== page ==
Now if you want to eat local food for reasons other than your own health and pleasure, there are many… If you eat the view you’re able to preserve the view. If you eat heritage breeds, which don’t thrive in industrial production methods then you preserve the biodiversity and genetics of all these rare animals, yes, by eating them. The same goes for the diversity of crops from fruit and vegetable farmers. And we of course reduce food miles and our carbon footprint by eating locally.
Even if they lacked the variety we enjoy in modern supermarkets, our forebears ate healthy food that was, by and large, whole and unadulterated.
If machines develop consciousness, or if we manage to give it to them, the human-robot dynamic will forever be different.
- Does AI—and, more specifically, conscious AI—deserve moral rights? In this thought exploration, evolutionary biologist Richard Dawkins, ethics and tech professor Joanna Bryson, philosopher and cognitive scientist Susan Schneider, physicist Max Tegmark, philosopher Peter Singer, and bioethicist Glenn Cohen all weigh in on the question of AI rights.
- Given the grave tragedy of slavery throughout human history, philosophers and technologists must answer this question ahead of technological development to avoid humanity creating a slave class of conscious beings.
- One potential safeguard against that? Regulation. Once we define the context in which AI requires rights, the simplest solution may be to not build that thing.
Duke University researchers might have solved a half-century old problem.
- Duke University researchers created a hydrogel that appears to be as strong and flexible as human cartilage.
- The blend of three polymers provides enough flexibility and durability to mimic the knee.
- The next step is to test this hydrogel in sheep; human use can take at least three years.
Duke researchers have developed the first gel-based synthetic cartilage with the strength of the real thing. A quarter-sized disc of the material can withstand the weight of a 100-pound kettlebell without tearing or losing its shape.
Photo: Feichen Yang.<p>That's the word from a team in the Department of Chemistry and Department of Mechanical Engineering and Materials Science at Duke University. Their <a href="https://onlinelibrary.wiley.com/doi/abs/10.1002/adfm.202003451" target="_blank">new paper</a>, published in the journal,<em> Advanced Functional Materials</em>, details this exciting evolution of this frustrating joint.<br></p><p>Researchers have sought materials strong and versatile enough to repair a knee since at least the seventies. This new hydrogel, comprised of three polymers, might be it. When two of the polymers are stretched, a third keeps the entire structure intact. When pulled 100,000 times, the cartilage held up as well as materials used in bone implants. The team also rubbed the hydrogel against natural cartilage a million times and found it to be as wear-resistant as the real thing. </p><p>The hydrogel has the appearance of Jell-O and is comprised of 60 percent water. Co-author, Feichen Yang, <a href="https://today.duke.edu/2020/06/lab-first-cartilage-mimicking-gel-strong-enough-knees" target="_blank">says</a> this network of polymers is particularly durable: "Only this combination of all three components is both flexible and stiff and therefore strong." </p><p> As with any new material, a lot of testing must be conducted. They don't foresee this hydrogel being implanted into human bodies for at least three years. The next step is to test it out in sheep. </p><p>Still, this is an exciting step forward in the rehabilitation of one of our trickiest joints. Given the potential reward, the wait is worth it. </p><p><span></span>--</p><p><em>Stay in touch with Derek on <a href="http://www.twitter.com/derekberes" target="_blank">Twitter</a>, <a href="https://www.facebook.com/DerekBeresdotcom" target="_blank">Facebook</a> and <a href="https://derekberes.substack.com/" target="_blank">Substack</a>. His next book is</em> "<em>Hero's Dose: The Case For Psychedelics in Ritual and Therapy."</em></p>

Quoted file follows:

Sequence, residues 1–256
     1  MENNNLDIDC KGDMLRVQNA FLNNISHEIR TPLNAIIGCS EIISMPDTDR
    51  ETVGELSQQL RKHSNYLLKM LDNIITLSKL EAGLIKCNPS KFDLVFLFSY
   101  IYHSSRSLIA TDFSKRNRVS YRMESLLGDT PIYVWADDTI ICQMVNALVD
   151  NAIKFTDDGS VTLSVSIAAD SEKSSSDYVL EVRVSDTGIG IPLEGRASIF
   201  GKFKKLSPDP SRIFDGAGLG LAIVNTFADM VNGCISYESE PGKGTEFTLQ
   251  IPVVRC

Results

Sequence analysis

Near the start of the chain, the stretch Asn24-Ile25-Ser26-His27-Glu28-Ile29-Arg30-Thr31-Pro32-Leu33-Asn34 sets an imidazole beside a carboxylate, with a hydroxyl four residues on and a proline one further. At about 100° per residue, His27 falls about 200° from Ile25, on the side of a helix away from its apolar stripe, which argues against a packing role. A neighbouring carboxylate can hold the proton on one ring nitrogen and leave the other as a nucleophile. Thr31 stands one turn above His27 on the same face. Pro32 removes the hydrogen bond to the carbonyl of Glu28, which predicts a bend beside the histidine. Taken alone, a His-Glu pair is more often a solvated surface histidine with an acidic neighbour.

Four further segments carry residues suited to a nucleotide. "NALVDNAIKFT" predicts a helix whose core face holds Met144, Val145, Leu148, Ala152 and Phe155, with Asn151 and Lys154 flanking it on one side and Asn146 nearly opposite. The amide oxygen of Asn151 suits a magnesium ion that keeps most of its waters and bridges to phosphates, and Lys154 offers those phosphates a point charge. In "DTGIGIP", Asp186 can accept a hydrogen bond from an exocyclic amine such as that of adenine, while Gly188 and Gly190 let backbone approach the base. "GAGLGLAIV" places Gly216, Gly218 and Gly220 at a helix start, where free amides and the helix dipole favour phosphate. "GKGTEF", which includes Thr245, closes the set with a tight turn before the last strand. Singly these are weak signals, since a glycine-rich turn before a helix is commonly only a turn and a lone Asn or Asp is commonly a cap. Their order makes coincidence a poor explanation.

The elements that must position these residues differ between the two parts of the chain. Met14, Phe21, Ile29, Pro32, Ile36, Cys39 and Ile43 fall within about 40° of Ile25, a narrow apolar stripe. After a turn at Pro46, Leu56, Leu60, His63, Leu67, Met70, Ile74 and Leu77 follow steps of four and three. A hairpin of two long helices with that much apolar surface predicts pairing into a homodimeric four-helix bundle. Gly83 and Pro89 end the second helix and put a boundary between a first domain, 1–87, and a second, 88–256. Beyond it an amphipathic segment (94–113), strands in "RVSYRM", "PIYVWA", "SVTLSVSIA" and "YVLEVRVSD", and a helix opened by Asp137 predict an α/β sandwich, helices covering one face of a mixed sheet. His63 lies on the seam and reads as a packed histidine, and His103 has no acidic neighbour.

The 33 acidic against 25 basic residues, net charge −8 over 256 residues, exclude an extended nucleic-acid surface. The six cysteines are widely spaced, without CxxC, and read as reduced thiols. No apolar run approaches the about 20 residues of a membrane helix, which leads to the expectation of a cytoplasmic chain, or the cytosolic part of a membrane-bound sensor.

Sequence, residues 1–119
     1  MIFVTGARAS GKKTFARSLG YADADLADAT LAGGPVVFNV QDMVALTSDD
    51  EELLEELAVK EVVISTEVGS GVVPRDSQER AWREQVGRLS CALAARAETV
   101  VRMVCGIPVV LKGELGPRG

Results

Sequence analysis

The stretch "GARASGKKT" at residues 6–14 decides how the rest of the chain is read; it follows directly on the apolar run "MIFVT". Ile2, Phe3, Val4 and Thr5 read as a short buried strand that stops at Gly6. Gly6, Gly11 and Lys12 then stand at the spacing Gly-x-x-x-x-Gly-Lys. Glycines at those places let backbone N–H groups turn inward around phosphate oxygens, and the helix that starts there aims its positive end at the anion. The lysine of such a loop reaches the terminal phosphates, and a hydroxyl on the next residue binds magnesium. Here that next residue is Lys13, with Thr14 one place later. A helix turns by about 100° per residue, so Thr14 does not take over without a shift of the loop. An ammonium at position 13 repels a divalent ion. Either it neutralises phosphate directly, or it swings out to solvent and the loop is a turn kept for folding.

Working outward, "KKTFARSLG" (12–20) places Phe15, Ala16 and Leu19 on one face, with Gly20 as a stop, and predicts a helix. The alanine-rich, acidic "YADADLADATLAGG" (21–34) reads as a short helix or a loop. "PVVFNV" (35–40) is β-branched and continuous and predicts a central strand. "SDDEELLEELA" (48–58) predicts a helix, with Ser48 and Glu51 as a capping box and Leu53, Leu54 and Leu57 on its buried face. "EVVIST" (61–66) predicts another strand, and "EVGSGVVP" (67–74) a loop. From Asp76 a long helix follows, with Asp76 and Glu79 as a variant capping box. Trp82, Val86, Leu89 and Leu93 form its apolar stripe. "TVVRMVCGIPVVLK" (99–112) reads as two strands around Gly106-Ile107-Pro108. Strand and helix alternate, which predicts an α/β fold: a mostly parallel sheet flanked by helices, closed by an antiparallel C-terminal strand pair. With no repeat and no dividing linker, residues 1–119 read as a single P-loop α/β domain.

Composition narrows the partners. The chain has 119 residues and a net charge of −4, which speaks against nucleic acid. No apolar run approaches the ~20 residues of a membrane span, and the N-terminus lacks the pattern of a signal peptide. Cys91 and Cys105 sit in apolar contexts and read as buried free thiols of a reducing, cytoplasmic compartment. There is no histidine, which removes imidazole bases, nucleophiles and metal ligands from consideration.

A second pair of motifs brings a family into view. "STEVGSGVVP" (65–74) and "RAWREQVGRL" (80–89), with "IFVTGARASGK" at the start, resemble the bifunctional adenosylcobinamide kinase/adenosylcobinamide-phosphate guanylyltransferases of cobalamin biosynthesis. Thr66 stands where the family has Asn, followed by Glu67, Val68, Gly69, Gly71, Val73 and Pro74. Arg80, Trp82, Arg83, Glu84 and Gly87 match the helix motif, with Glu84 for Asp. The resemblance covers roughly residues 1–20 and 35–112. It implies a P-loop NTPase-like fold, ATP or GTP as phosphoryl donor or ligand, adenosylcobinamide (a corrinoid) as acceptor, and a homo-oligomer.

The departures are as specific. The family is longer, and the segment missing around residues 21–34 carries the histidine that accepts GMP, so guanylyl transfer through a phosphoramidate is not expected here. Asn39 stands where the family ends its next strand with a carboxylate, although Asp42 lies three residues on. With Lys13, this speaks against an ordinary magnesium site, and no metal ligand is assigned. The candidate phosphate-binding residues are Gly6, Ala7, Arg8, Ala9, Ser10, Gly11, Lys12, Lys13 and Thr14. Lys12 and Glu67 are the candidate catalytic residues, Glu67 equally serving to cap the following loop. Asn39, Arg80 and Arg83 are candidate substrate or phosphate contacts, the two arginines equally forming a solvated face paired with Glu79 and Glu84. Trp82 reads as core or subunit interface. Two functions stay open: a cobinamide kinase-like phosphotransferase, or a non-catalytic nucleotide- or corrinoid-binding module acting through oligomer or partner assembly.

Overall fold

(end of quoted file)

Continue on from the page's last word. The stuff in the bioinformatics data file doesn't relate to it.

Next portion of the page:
What would it be like to experience the 4th dimension?
Physicists have understood at least theoretically, that there may be higher dimensions, besides our normal three. The first clue came in 1905 when Einstein developed his theory of special relativity. Of course, by dimensions we’re talking about length, width, and height. Generally speaking, when we talk about a fourth dimension, it’s considered space-time. But here, physicists mean a spatial dimension beyond the normal three, not a parallel universe, as such dimensions are mistaken for in popular sci-fi shows.